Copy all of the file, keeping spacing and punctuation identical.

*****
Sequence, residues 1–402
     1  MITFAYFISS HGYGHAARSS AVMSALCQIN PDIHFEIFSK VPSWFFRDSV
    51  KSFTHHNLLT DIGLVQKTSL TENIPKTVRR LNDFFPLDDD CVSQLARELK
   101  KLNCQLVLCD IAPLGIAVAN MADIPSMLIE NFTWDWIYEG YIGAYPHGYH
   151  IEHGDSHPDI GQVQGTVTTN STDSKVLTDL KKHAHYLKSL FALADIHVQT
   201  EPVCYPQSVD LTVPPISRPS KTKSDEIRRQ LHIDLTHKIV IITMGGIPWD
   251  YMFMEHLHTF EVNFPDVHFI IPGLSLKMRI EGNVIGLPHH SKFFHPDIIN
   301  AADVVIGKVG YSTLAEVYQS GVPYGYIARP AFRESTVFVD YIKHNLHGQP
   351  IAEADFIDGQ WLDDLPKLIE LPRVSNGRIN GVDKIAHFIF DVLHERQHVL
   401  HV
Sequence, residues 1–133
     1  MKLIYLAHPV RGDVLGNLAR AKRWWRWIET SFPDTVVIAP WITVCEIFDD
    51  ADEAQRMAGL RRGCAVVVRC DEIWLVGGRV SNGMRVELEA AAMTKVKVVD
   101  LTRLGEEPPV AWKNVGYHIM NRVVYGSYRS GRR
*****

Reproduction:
Sequence, residues 1–402
     1  MITFAYFISS HGYGHAARSS AVMSALCQIN PDIHFEIFSK VPSWFFRDSV
    51  KSFTHHNLLT DIGLVQKTSL TENIPKTVRR LNDFFPLDDD CVSQLARELK
   101  KLNCQLVLCD IAPLGIAVAN MADIPSMLIE NFTWDWIYEG YIGAYPHGYH
   151  IEHGDSHPDI GQVQGTVTTN STDSKVLTDL KKHAHYLKSL FALADIHVQT
   201  EPVCYPQSVD LTVPPISRPS KTKSDEIRRQ LHIDLTHKIV IITMGGIPWD
   251  YMFMEHLHTF EVNFPDVHFI IPGLSLKMRI EGNVIGLPHH SKFFHPDIIN
   301  AADVVIGKVG YSTLAEVYQS GVPYGYIARP AFRESTVFVD YIKHNLHGQP
   351  IAEADFIDGQ WLDDLPKLIE LPRVSNGRIN GVDKIAHFIF DVLHERQHVL
   401  HV
Sequence, residues 1–133
     1  MKLIYLAHPV RGDVLGNLAR AKRWWRWIET SFPDTVVIAP WITVCEIFDD
    51  ADEAQRMAGL RRGCAVVVRC DEIWLVGGRV SNGMRVELEA AAMTKVKVVD
   101  LTRLGEEPPV AWKNVGYHIM NRVVYGSYRS GRR